Sex sells is bullshit when it comes to tech. Sexist advertising just doesn't work
The daft thing about using this approach for the Escobar phone in particular is that foldable phones are genuinely cool, not many people outside the tech industry are aware of them yet, and there are lots of positive points you could make honestly. You just don't need to plumb those depths.
In fact, even for macho advertising, the Escobar Fold 1 campaign lacks imagination. You've got a phone that folds up like a wallet being sold with the name of a drug dealer – lots of fertile ground there, surely? Or something about being "flexible" with the rules. Even if you were insistent on going down the naked ladies route, you could do better: the Flexpai lends itself perfectly to being "the centrefold phone", if not something even more explicit involving the opening of two halves...!
That's not to say that associating a phone with drug dealing is necessarily a bad idea. The Huawei Mate S got a lot of attention back in 2015 for having the ability to weigh small amounts of material directly on its screen. But of course Huawei chose to simply demonstrate the amazing new tech involved and let us decide for ourselves what we'd use it for – a much subtler approach that doesn't assume anything negative about its customers.
Even for macho advertising, the Escobar Fold 1 campaign lacks imagination
All of which leads me to ask, who IS the target customer for the Escobar Fold? I can't help picturing someone like "pharma bro" Martin Shkreli, currently in prison for fraud. Roberto Escobar can of course relate – he was released from jail in 2004, eleven years after his brother was killed in a shootout with the Colombian police.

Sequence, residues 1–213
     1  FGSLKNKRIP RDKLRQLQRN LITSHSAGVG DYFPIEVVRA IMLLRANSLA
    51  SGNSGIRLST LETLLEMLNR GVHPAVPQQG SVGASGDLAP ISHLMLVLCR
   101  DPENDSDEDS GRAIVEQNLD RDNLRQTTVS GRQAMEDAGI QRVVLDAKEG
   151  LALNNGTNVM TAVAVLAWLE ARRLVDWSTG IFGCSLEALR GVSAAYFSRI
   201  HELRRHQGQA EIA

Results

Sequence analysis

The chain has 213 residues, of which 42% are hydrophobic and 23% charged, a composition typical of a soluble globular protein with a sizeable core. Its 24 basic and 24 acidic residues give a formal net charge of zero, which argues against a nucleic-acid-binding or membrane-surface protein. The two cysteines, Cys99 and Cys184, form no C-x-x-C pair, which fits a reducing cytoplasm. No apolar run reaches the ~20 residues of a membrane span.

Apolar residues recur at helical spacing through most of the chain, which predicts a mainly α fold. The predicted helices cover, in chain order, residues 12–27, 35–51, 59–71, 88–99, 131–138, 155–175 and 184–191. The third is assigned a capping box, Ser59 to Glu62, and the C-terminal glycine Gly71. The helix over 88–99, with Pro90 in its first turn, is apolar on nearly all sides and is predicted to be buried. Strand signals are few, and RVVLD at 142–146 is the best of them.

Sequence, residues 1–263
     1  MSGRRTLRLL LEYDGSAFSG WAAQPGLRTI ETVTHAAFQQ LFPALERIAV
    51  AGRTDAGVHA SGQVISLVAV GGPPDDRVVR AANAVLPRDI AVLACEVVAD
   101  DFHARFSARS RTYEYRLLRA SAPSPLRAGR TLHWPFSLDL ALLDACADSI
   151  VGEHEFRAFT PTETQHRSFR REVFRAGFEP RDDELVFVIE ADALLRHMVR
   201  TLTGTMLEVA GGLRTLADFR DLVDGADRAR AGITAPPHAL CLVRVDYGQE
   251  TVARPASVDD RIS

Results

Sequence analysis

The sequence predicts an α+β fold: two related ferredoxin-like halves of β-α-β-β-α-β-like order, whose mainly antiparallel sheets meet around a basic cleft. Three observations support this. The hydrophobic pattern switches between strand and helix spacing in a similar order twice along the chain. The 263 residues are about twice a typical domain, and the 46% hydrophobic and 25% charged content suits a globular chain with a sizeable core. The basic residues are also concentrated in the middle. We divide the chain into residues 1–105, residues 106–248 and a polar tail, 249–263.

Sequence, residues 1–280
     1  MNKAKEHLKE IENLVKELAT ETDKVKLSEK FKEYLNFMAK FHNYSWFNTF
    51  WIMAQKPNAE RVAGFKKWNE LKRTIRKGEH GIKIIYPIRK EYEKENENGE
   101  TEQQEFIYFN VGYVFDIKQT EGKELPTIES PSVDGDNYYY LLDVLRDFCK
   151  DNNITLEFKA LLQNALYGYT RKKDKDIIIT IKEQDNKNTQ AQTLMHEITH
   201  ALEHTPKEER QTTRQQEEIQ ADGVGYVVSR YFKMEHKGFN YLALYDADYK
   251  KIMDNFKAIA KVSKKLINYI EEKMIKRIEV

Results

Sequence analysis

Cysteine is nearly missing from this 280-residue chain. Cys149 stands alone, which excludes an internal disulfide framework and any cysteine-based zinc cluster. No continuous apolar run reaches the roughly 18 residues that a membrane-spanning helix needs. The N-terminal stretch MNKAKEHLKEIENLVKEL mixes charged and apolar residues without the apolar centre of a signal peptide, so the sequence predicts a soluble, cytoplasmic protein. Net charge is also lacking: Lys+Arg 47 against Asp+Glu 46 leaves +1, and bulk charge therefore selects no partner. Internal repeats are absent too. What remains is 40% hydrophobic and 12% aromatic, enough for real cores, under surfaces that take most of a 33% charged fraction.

Olof Gustafsson, CEO of Escobar Inc, tells Dezeen that he and the company "believe we can beat Apple". Considering Apple hasn't even hinted at a foldable phone, it's not clear what they're going to beat it at. Escobar Inc overtaking them as the biggest company in the world doesn't seem likely anytime soon. Tech has its own kinds of cartels, and they're tricky to topple even for established brands.
Gustafsson goes on to say that "Roberto Escobar, just like his brother Pablo, has always wanted the best". That's surprising too, considering that the Royole Flexpai isn't the best or most prestigious folding phone made so far. Also the Escobar Fold 1 bafflingly comes with a horrible brown leather-look case reminiscent of the awful LG G4.
Not only does the case cover up the yellow gold phone fascia and its ugly PE monogram – one of the only things that sets it apart from the main Flexpai – it isn't even real leather. It's polymer, essentially plastic. Not very gangster, is it?
Tech has its own kinds of cartels, and they're tricky to topple even for established brands
The apps on the phone aren't, either. Obviously, using Android means you're tied into the generally legit apps on the Google Play Store, but there are still better choices for wannabe narcos than those shown in the pictures. You'd be taking some big risks as a cartel leader using the native Android texting and calling apps, and Facebook-owned WhatsApp – surely Signal would have been a better choice.
Taken together, the design and marketing choices strongly suggest the phone is not actually intended for drug dealers. Rather it is aimed at those who want to be associated with the lifestyle, like white collar workers who spend their weekends blasting hip-hop from speakers they got in the mystery aisle at Lidl.
For the final verdict on the handset, though, we turn once again to its own promotional materials. They boldly proclaim that Escobar Inc's phone: "Is always ready to fold!" We suspect this new tech brand won't be far behind.